Sunday, October 24, 2004

Information Systems

Squares, what I consider a "busy" game, involves a non-complex, but extreemly efficient system of information. Played on a piece of paper and drawn in with a pen similar to tic-tac-toe or handman, a set of dots are drawn. The size or weight of the information on the game depends on how large the playing field (how many dots are dawn) and the length of the game can also be shortened or lengthened by choice of quantity of dots. After deciding on the game grid players begin taking turns creating lines in between dots. Lines can only be created vertical or horizontaly in order to produce complete squares, no diagonals. Players after completing a square with a line (you are only allowed to produce one line a turn) put an inital in the box to denotate their ownership of that box and are to move again until they do not produce a complete square. The information system in Squares is more than perfect. Not only is all the information in the game available to all players at all times but like the games named earlier possible next moves and opportunities in game are also available. After playing squares enough you can easily see where the game is headed, either in your favor or not. Not only will you be able to easily judge the point score in the game by visually estimating using the opposing initials but you can also pretty much tell after a while whether luck is in your favor to win. After a while, the information system tells you whether your next turn and the number of turns it will take to get a certain string of squares coincide. This system of information really kills the lasting power of the game, the only perk of its obviousness is the ability to recognize mistakes and faults of your opponent immediately. The games unlimited time constraints has a lot to do with margin for error but that still dosen't change that the only way to win the game if the pattern of turnover you have been given isn't a winning one is through a players misjudgement or nearsidedness.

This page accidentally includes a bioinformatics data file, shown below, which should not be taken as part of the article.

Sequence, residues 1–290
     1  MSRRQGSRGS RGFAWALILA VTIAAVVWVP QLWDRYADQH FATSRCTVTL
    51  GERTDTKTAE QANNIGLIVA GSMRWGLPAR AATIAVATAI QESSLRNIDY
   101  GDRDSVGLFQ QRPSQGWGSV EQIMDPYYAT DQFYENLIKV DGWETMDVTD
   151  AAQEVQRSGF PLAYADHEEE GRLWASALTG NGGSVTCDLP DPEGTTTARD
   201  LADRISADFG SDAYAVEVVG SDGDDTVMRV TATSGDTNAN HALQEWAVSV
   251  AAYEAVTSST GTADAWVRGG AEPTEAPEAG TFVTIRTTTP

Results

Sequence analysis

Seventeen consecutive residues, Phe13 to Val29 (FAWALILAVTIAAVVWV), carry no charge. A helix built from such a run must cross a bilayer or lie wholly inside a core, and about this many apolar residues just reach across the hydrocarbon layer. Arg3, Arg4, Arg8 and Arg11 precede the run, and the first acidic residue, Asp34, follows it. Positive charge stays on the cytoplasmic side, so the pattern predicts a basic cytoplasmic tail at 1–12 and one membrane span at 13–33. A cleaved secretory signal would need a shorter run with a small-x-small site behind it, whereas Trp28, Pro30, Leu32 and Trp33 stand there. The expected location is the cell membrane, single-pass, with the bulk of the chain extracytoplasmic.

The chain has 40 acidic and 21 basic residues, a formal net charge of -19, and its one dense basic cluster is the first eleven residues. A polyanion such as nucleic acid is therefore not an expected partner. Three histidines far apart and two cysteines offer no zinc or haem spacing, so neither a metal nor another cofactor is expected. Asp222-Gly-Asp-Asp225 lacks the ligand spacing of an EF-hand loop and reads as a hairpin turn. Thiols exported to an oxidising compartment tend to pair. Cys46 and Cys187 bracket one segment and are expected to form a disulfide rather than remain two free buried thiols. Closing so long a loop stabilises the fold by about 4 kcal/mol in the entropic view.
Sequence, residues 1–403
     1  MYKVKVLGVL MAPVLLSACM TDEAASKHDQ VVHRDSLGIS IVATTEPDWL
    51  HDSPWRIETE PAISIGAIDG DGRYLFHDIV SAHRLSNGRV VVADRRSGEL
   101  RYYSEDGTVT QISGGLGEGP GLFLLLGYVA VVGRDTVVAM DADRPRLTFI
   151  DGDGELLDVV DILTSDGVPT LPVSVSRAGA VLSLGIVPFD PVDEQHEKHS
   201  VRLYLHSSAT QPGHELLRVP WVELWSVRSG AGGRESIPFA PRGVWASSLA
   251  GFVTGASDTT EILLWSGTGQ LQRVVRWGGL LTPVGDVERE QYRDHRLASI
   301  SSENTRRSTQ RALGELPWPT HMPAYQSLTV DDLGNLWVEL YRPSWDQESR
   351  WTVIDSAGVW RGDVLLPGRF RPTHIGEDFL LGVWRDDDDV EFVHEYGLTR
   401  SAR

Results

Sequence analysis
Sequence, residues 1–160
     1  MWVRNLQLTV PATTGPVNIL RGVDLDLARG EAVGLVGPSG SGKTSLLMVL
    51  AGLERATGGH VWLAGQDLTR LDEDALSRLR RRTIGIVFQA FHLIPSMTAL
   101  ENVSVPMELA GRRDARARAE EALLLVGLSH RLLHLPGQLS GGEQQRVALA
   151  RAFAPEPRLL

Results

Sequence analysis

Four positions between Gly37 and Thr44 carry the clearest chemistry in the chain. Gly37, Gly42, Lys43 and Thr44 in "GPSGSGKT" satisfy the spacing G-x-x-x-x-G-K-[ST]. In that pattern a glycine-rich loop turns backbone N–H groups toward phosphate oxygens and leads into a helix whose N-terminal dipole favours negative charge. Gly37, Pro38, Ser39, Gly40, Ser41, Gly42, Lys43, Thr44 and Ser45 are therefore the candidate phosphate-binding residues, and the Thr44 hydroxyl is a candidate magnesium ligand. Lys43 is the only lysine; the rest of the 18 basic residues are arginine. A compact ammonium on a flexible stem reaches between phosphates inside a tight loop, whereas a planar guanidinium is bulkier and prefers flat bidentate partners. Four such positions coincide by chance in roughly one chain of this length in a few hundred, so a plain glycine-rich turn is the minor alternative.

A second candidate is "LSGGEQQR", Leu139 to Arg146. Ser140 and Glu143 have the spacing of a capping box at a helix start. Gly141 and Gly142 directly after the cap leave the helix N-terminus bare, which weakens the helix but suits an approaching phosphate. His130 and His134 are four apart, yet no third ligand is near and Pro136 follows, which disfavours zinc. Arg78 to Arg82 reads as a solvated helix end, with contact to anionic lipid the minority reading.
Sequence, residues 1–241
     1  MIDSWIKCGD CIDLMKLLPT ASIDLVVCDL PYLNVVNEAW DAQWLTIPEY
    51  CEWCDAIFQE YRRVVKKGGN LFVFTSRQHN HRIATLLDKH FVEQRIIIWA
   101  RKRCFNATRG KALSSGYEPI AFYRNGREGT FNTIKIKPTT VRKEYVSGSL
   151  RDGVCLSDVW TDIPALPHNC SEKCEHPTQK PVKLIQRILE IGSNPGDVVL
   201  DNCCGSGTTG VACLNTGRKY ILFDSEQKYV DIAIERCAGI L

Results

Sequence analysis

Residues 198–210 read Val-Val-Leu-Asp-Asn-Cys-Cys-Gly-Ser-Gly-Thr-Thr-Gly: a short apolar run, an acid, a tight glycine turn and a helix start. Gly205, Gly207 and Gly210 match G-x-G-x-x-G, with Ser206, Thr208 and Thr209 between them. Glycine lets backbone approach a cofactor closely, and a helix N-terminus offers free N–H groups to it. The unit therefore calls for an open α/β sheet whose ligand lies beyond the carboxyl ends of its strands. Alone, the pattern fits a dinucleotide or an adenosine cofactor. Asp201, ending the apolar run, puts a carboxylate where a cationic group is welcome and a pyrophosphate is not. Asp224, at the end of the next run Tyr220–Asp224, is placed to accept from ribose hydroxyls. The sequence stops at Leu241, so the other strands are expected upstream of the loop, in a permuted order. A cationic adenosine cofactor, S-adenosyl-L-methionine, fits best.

Blogger Jane said...

Interesting analysis, Jacob. I've never heard the phrase TMI applied to games before, but you've made a good case for criticizing Squares as simply having Too Much Information. You know, of course, that could be seen as a design challenge-- mod Squares to make less information available? Perhaps in digital format... the player's last move would be hidden until you attempted to make your move. If you make a move that isn't legal (b/c your opponent drew a line there), you lose your turn. Then, you'd have to use psychology and try to predict where a player moved-- or where they might expect you to move. Lots of outwitting potential! What do you think?

October 25, 2004 at 12:41 PM  

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